A tweet from ESPN’s Jorge Arangure reminds us that today is the National League’s 134th birthday. The league was founded in New York by William Hulbert, the owner of the Chicago White Stockings, and the owners of the Philadelphia Athletics, the Boston Red Stockings, the Hartford Dark Blues, the Mutual of New York, the St. Louis Brown Stockings, the Cincinnati Red Stockings and the Louisville Grays.
Obviously much has changed. The White Stockings would soon be known as the Cubs. The Red Stockings would eventually be known as the Braves. Hartford remained until 1961, when it moved to Houston to become the Colt .45s, and was replaced by another team in Hartford that moved to Texas after the 1971 season, dropped the “Dark” from their nickname and simply became “The Blues.” By 1900 The Mutual had morphed from a baseball team into a regional bank, with branches in the Bronx, Brooklyn and northern Manhattan which themselves were reverted back into baseball team to fulfill contractual obligations. As you can see, it was really a time of flux in Major League Baseball.
One thing that hasn’t changed, however, is that the National League did not have the DH. This conclusively proves that — apart from the racial segregation, gambling, rampant alcoholism, short distance from mound to home and the fact that batters could call for a high pitch or a low pitch to his liking — Mr. Hulbert and his colleagues were on the side of the angels.
After 18 years, 12 winning seasons, seven postseason runs and three World Championships, Dave Righetti is no longer a pitching coach for the Giants. He was removed from his post on Saturday, when the team announced a few reassignments as they shake up their coaching staff. Heading into the 2018 season, Righetti will serve as special assistant to general manager Bobby Evans, former bullpen coach Mark Gardner will step into a similar special assistant role to “assist in pitching evaluations,” and former assistant hitting coach Steve Decker will take a special assistant role in baseball operations.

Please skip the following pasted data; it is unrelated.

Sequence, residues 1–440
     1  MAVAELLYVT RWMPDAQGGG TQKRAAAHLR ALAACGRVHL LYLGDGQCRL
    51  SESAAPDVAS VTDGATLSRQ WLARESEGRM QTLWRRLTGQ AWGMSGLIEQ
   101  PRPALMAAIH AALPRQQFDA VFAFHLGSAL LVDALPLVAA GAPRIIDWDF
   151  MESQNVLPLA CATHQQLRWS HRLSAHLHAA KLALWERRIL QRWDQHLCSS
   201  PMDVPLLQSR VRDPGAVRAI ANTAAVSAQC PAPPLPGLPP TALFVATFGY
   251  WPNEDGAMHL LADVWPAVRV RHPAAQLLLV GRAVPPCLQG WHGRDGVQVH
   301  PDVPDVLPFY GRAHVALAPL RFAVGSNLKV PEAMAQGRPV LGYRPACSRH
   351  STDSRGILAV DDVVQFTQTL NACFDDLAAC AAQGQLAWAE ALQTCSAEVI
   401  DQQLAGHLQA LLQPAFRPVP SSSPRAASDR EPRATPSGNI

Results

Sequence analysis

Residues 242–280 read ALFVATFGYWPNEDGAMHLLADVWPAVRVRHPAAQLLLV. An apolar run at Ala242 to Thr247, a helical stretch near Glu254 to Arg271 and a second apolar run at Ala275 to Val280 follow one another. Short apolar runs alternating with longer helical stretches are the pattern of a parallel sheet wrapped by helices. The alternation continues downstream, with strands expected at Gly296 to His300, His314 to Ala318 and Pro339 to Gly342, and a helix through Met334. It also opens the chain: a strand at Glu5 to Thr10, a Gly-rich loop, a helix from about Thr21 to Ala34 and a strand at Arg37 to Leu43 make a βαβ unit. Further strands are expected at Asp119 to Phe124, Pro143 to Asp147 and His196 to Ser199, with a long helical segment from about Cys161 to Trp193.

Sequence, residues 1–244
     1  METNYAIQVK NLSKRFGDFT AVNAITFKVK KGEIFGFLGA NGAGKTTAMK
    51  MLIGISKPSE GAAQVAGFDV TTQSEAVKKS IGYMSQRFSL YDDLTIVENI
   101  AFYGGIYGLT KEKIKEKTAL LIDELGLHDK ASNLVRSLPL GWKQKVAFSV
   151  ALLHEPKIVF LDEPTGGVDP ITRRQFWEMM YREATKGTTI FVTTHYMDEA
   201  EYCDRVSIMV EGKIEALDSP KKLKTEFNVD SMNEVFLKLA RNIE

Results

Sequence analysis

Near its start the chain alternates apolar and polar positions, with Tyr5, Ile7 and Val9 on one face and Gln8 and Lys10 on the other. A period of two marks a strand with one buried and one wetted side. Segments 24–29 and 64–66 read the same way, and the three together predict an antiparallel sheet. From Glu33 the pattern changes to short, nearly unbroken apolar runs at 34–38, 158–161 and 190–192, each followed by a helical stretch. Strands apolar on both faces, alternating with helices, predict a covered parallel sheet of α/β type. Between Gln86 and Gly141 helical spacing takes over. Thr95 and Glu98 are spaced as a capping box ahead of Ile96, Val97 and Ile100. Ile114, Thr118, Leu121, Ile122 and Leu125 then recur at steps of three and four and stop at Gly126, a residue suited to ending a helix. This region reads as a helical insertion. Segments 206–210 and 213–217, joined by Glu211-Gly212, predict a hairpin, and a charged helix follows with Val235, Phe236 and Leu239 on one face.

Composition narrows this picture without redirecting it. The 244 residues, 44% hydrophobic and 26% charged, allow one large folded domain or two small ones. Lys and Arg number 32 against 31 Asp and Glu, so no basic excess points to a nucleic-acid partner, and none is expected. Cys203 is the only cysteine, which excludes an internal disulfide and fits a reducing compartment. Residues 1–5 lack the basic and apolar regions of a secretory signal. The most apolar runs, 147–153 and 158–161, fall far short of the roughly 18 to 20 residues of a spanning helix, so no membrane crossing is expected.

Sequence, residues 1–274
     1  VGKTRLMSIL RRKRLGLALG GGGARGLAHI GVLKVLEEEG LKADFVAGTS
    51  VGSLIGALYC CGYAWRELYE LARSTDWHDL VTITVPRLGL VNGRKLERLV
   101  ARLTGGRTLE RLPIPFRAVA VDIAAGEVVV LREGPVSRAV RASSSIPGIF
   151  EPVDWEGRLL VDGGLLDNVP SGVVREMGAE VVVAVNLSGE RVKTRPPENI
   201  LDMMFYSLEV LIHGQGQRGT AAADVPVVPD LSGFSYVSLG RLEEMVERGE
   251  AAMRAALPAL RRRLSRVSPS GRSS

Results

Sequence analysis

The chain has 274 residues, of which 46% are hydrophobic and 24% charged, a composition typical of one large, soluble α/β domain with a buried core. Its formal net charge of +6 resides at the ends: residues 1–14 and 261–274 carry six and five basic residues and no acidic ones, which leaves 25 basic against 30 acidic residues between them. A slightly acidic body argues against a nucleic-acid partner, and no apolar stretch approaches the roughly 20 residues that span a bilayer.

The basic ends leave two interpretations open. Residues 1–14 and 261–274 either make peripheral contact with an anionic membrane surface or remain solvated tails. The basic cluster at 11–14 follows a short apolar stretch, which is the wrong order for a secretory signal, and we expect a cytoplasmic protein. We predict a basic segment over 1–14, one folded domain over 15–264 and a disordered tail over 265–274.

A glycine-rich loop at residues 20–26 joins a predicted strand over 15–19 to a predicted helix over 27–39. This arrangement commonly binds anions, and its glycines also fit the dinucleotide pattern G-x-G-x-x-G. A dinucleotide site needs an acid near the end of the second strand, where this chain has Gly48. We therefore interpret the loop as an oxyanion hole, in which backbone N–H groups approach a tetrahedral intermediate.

According to MLB.com’s Chris Haft, Righetti was the longest-tenured pitching coach in the big leagues. He helped shape the careers of notable Giants’ aces like Madison Bumgarner, Tim Lincecum and Matt Cain — all Cy Young contenders (and, in Lincecum’s case, a two-time winner) at various points in their careers. He was there to assist Ryan Vogelsong during his stunning mid-career comeback in San Francisco. He helped newcomers like Chris Stratton and Ty Blach flourish even as the team stumbled to the bottom of the division. He was there to take the credit when a sterling rotation clinched the Giants’ 56-year, drought-snapping championship title in 2010 — and, when things went so horribly south in 2017, he took the blame as well.
Hardly anything went right for the Giants’ pitching staff in 2017. Madison Bumgarner was shelved after sustaining a serious shoulder injury in a dirt bike accident, Johnny Cueto couldn’t shake a cluster of blisters on his right hand and Mark Melancon found it difficult to justify a $62 million paycheck after pitching through an arm injury to four blown losses/saves and a 4.50 ERA. It would be a lot for any pitching coach to stay on top of, and given the team’s rapid descent from 2016 postseason contenders to last-place finishers in 2017, it’s not surprising that Evans felt the need to switch things up.
Successors have yet to be named for Righetti, Gardner or Decker, though Murray hears that the Giants could have interest in former major league pitching coach Jim Hickey. NBC Bay Area’s Alex Pavlovic adds that Evans is searching for someone to “put a new voice” on the pitching staff and will likely target someone who, like Righetti, brings considerable experience to the role.